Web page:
The Frozen Lake

There are lots of memories and stories of the West Arm of Kootenay Lake freezing over in the winter time. In 1965 the building of Duncan Dam began. Its purpose was flood control and after its completion in 1967 the lake never frozes over completely again.

A group of skaters on the frozen West Arm at Willow Point-February 14, 1927 - Mags Watkins collection

A group of skaters on the frozen West Arm at Willow Point-February 14, 1927 – Mags Watkins collection

Memories . . .

“Skating on the West Arm was popular with young and old. On years when the lake did not freeze (which was seldom) . . . ”

page 21, West Arm Echos, by Eric Denny


“. . . this storm (in 1947) may have been a harbinger of things to come because that fall it turned bitter cold and the lake froze solid. For a short period one could skate to Nelson, but after it snowed a few times the wind formed dunes on the lake which were not large but were packed hard and difficult to skate through.

What hockey games we had at Willow Point;  the loggers and other lads, with time to play, would choose up teams and replay the Stanley Cup many times over.  Kids and old geezers, with vintage skates and equipment, what fun!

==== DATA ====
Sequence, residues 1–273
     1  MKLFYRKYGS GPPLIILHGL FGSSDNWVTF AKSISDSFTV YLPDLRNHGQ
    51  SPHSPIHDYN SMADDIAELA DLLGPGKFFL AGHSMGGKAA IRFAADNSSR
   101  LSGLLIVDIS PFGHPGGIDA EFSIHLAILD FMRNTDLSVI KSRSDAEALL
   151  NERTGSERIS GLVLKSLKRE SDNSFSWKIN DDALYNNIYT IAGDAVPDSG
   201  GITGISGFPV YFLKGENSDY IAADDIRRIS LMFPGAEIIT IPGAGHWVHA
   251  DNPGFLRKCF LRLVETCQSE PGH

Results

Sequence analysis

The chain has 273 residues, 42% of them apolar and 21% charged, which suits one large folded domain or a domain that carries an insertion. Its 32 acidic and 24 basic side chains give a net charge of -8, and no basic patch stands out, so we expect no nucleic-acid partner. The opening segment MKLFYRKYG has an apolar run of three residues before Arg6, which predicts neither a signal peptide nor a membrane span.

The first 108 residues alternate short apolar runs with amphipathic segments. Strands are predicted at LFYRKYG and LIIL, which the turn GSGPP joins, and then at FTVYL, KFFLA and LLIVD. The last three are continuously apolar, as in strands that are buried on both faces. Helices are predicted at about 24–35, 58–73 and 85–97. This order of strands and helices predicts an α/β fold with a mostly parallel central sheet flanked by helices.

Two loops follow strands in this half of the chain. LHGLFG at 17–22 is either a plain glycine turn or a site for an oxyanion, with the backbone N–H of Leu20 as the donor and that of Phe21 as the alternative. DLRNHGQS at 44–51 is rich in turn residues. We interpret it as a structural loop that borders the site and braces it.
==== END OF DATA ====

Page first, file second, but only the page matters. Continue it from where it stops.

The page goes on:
Two consequences were unfortunate. One, feral dogs and coyotes would chase deer onto the ice and kill or maim them just for the sport of it.  The other, ice punctured the hull of the Nelson ferry and she sank at the North Shore landing.  A small craft was pressed into service for passengers only.  And of course the damage to lake structures as the ice broke-up.”

Jack Page, 2014

“In those years, before the dams were made on the Kootenay River, the lake would usually freeze during the winter. we would take our skates to school and go skating during noon hour. One time a bunch of the kids decided to just keep skating and not return to school. We younger and more cowardly ones headed back when we heard the bell ringing. Of course we were a bit late but didn’t get too much of a lecture because no one had a watch.”

page 25, Lizzy, by Audrey Peterson (nee: Heddle)